There’s an area of town in Dawson that I like to refer to as the Writers’ Block.
I do this because of an inherent weakness for puns, and because three of the writers who helped Dawson outlast the fate of most mining boomtowns are connected to the place.
Without them, it’s safe to venture that our northern outpost would never have achieved its current state of brand recognition.
What we have on Eighth Avenue are three buildings that once housed three well-known scribes: Jack London, Robert Service and Pierre Berton.
All three places are tourist attractions, and we celebrate them collectively each August during the Authors on Eighth event, on the Thursday before the Discovery Day holiday.
None of these guys ever suffered from writer’s block, of course. All of them lived by their written words, and lived well.
London came first, following the Stampeders in the hopes of escaping the poverty in which he had grown up. The gold he found was not the mineral kind but a literary mother lode, and his best known books and stories, churned out at breakneck pace over the remaining 17 years of his life, all feature the Yukon.
The cabin in which he lived out on the creeks is shared by Oakland, California, and Dawson City, and the Klondike Visitors Association runs a museum in his honour.
A fourth writer, Dick North, is responsible for starting this venture. North has also written books about the Mad Trapper, the Lost Patrol, and Jack London’s Klondike years. There are daily presentations here during the tourist months.
Robert Service reached Whitehorse as a bank clerk six years after the Gold Rush, and wrote two of his most famous verses there before being transferred to Dawson.
The thing is, he wrote about Gold Rush days and people, and made a fortune writing poems that were scorned by the literati of the day, but beloved by the general public.
He didn’t own the Eighth Avenue log cabin in which he lived but when he left it to report on the Balkan Wars, swearing to return, its owner kept it for him. He never did come back, but by 1917 the place was already a tourist mecca, and has remained so.
Today the Robert Service cabin is owned and managed by Parks Canada. There are daily readings and viewings during the summer, and Parks has just finished refreshing the landscaping of the site.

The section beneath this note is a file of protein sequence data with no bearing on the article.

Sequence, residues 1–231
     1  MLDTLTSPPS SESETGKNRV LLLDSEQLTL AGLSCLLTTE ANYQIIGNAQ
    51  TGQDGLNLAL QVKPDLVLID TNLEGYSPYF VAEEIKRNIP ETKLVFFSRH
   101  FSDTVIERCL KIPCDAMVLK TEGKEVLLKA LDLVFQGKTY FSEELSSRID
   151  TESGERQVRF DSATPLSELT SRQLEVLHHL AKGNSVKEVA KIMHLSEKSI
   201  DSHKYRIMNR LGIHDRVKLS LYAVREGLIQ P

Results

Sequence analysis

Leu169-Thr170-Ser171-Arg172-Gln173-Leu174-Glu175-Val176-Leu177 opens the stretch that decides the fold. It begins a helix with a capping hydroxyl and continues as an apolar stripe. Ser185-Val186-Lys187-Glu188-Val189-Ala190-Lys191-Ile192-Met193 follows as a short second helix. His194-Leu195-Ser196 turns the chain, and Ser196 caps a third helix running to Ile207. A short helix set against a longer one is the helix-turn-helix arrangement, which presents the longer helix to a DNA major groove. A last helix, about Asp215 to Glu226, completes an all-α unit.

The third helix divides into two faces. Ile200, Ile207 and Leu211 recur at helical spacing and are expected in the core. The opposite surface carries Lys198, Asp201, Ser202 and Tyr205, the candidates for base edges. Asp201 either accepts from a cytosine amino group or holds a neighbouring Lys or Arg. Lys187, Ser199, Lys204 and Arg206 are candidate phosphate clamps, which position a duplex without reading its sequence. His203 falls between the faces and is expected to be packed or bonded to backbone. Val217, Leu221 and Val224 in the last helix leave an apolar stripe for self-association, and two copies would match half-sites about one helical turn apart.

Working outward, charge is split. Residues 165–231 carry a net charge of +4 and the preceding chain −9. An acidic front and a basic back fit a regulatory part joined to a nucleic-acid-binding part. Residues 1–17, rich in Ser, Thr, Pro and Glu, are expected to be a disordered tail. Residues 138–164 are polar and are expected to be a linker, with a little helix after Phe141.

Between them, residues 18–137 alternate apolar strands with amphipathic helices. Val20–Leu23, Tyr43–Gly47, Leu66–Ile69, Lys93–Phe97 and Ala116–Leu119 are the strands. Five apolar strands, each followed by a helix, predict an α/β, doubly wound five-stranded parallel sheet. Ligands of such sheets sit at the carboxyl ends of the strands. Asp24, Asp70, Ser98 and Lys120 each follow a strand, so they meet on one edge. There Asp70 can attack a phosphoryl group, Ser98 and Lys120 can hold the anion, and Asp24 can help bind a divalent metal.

Pierre Berton was born in Whitehorse, but spent most of his first 12 years in Dawson, returning in his late teens and early 20s to work as a labourer in the gold fields.
Embarking on a career in journalism, he made his name with several series of newspaper and magazine articles about the North (not to mention exposure on radio, television, and most of the other mass media of his day) and eventually turned his hand to writing popular history books.
The first of these was Klondike, a book that had a direct impact on Parks Canada’s interest in this town.
His boyhood home passed through a number of hands until Berton bought it in the late 1980s and it was refurbished to become a writers’ retreat. It opened in 1996, the 100th anniversary of the Klondike discovery.
It has now seen some 50 writers spend three-month stints here and has generated a number of books, some of which I mentioned a few weeks ago. It is managed by the Writers’ Trust of Canada, with local assistance from the KVA and the Dawson Community Library.
Normally not open to the public, Berton House is the last stop on the free Authors on Eighth Tour.
It is the place where the winners of the annual writing contest are announced, and the afternoon concludes with a tour of the residence, led by the current writer in residence (this summer sees poet Jacob Arthur Mooney in that role).
The themes for the contest change annually, but this year it is to write something in the spirit or style of one of the big three, which leaves it wide open for a short story, a poem or an essay.
A previous two-time winner of this contest, David Thompson, recently published his first short story collection, Talking at the Woodpile, so perhaps this small contest is a good place to get started.